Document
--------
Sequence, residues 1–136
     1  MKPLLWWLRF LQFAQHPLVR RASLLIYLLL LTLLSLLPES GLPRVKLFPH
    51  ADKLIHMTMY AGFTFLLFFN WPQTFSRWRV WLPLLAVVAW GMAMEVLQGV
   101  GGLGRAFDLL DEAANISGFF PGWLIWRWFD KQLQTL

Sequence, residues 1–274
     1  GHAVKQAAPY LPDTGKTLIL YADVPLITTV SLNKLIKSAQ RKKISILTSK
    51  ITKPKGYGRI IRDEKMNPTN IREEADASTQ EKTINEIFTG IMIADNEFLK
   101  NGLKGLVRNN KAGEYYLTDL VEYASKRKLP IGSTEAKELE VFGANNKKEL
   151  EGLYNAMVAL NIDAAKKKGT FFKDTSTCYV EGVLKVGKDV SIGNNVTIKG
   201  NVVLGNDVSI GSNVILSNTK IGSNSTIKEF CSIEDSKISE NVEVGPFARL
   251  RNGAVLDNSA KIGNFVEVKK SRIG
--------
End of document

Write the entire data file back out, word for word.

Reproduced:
Sequence, residues 1–136
     1  MKPLLWWLRF LQFAQHPLVR RASLLIYLLL LTLLSLLPES GLPRVKLFPH
    51  ADKLIHMTMY AGFTFLLFFN WPQTFSRWRV WLPLLAVVAW GMAMEVLQGV
   101  GGLGRAFDLL DEAANISGFF PGWLIWRWFD KQLQTL

Sequence, residues 1–274
     1  GHAVKQAAPY LPDTGKTLIL YADVPLITTV SLNKLIKSAQ RKKISILTSK
    51  ITKPKGYGRI IRDEKMNPTN IREEADASTQ EKTINEIFTG IMIADNEFLK
   101  NGLKGLVRNN KAGEYYLTDL VEYASKRKLP IGSTEAKELE VFGANNKKEL
   151  EGLYNAMVAL NIDAAKKKGT FFKDTSTCYV EGVLKVGKDV SIGNNVTIKG
   201  NVVLGNDVSI GSNVILSNTK IGSNSTIKEF CSIEDSKISE NVEVGPFARL
   251  RNGAVLDNSA KIGNFVEVKK SRIG